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The central part of Al-Khafji field shows a relative high-porosity trend that several wells have established. This trend correlates with a channel system deduced from well data.

The interpretation shows a sudden 5% porosity decrease in the eastern part of main Khaji field and an increase to 22% porosity further to the east. A fault zone cutting the structure high may have caused this change.

As shown in 9b, the study interpreted a channel feature extending toward the east of Al-Khafji field. The localized high-porosity anomaly in the eastern part of Al-Khafji field may be a localized geological feature.

The vertical time-thickness map (Fig. 9c), when superimposed on the final porosity map, shows more thickness in a better porosity development area. This possibly indicates the existence of a sand body.

A sand fraction volume map (Fig. 9d) confirms the presence of sand prone areas (50-60%) similar to favorable porosity development zones.

Oil play analysis

The Burgan sandstones of the Wasia group appear to dominate reservoirs in this basin. Burgan sandstones consist of Safania and Al-Khafji sand units with minor shale intercalations. The interpretation is that the Safania sand unit is thicker than the Al-Khafji sand unit. All these sandstones are potential reservoirs.

The upper part of the Wasia formation consists of shale and limestones that appear to be acting as seals for Wara reservoirs, while the source rock may be the Thamama group underlying the upper Wasia formation. The Thamama consists of shales and calcareous material with possible fossil facies.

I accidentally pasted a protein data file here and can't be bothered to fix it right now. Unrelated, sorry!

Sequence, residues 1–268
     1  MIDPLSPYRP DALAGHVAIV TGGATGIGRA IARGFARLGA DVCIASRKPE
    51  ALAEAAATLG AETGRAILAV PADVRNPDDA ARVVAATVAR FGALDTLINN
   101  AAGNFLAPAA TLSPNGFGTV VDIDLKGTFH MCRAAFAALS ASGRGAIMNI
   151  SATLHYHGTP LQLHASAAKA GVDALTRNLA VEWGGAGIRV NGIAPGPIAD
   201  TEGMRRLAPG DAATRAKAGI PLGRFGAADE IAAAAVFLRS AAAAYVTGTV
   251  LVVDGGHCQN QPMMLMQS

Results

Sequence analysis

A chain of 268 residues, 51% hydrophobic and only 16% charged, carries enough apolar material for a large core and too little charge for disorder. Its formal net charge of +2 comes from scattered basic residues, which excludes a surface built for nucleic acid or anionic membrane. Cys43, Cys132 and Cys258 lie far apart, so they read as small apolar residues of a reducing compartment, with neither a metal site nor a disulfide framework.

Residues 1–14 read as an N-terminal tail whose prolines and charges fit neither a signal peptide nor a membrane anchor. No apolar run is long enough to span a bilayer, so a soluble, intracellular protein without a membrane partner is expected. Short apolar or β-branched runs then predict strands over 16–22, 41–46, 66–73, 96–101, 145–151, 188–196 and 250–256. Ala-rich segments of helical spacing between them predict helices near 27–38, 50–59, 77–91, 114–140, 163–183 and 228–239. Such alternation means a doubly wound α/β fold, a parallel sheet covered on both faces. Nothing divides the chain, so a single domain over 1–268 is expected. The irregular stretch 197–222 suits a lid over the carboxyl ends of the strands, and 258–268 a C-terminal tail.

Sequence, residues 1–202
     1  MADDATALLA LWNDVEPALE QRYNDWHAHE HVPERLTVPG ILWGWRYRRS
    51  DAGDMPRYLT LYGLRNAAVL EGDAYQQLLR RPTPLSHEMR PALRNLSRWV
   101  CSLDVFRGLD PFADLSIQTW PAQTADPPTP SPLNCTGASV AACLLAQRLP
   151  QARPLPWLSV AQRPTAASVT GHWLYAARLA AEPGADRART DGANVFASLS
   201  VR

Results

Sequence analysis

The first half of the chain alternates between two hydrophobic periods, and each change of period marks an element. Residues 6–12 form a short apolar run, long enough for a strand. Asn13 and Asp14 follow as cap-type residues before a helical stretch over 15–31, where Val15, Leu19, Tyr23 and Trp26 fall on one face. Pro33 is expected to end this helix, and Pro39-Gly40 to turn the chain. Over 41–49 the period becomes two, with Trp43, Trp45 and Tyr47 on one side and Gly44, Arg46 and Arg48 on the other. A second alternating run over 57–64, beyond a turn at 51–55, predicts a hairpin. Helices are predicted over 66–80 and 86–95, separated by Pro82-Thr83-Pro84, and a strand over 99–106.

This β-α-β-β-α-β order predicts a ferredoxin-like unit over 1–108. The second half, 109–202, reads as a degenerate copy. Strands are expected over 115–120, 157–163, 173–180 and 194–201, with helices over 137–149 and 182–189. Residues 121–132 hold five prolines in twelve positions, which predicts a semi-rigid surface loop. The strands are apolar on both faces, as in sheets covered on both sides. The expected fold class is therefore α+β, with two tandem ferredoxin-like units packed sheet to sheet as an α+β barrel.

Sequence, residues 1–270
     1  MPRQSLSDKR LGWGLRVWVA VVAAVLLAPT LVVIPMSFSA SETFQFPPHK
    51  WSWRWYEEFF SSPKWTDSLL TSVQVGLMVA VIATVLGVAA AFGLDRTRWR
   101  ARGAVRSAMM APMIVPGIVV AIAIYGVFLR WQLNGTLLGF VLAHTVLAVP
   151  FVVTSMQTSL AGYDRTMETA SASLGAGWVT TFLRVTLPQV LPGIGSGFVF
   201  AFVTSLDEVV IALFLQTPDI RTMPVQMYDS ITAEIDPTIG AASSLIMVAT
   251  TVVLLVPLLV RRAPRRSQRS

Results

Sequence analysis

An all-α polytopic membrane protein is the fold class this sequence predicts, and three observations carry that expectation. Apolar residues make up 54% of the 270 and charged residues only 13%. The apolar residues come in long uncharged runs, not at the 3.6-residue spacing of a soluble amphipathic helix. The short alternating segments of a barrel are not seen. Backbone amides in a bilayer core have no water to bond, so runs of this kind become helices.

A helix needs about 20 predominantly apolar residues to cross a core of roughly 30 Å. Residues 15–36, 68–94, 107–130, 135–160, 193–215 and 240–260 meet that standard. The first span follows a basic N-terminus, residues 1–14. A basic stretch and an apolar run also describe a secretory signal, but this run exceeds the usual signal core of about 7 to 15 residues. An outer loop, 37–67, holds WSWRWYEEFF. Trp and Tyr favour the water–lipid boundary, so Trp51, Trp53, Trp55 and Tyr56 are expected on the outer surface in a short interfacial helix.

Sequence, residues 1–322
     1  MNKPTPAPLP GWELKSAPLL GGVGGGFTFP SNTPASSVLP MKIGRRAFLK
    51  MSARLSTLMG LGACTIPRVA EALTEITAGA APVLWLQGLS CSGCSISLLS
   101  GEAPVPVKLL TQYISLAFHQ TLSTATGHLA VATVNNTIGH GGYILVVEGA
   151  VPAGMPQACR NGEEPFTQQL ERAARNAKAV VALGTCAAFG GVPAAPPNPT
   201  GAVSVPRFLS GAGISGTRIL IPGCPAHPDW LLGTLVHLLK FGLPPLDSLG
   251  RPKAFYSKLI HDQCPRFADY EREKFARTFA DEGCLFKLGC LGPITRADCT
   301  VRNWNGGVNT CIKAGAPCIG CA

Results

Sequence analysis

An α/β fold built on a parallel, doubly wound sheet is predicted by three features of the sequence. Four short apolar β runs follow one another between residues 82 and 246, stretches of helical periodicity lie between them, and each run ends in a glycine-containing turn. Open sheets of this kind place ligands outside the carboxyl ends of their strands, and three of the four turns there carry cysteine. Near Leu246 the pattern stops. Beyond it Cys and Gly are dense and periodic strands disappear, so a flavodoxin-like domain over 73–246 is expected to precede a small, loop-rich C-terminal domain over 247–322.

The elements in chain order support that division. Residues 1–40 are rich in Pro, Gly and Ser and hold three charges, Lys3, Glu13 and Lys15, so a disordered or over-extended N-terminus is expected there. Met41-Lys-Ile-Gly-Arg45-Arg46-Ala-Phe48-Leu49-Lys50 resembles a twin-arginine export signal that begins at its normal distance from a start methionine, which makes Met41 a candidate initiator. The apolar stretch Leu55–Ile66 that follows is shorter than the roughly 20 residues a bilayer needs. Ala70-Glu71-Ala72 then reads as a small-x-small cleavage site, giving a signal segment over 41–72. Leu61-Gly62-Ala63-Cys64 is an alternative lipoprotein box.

The interpretation of the study area is that both stratigraphic and a combination of trapping mechanisms (strati-structural) control the hydrocarbon distribution; in other words, both structure as well as on lapping or wedging out of the Wara sand facies in the updip-direction and shaling-out within basin affect the distribution.

Seismic anomalous features suggest the presence of scalable facies changes and at places lens-type deposits that also indicate stratigraphic control.

Porosity– amplitude relationship

Literature discusses a variety of techniques for relating reservoir porosity or the product of porosity and thickness to seismic attributes. The appropriate approach depends on the nature of relationship between various reservoir parameters that affect the seismic data.

For a thin reservoir, such as in Al-Khafji field, the study used an approach that searched by a simple direct relationship between reflection amplitude and porosity attributes.

The analysis had to correct the phase of the seismic data to find a linear relationship between the reflection amplitude at the top of Wara formation and the average log-derived porosity in the reservoir, using data from nearby exploration or development wells.

The porosity-amplitude cross plot uses the phase-corrected seismic data. The statistics from the porosity-amplitude trend provide an insight into how best to use the information. Predictions of absolute porosities on a larger scale could be difficult because of errors associated with absolute predictions.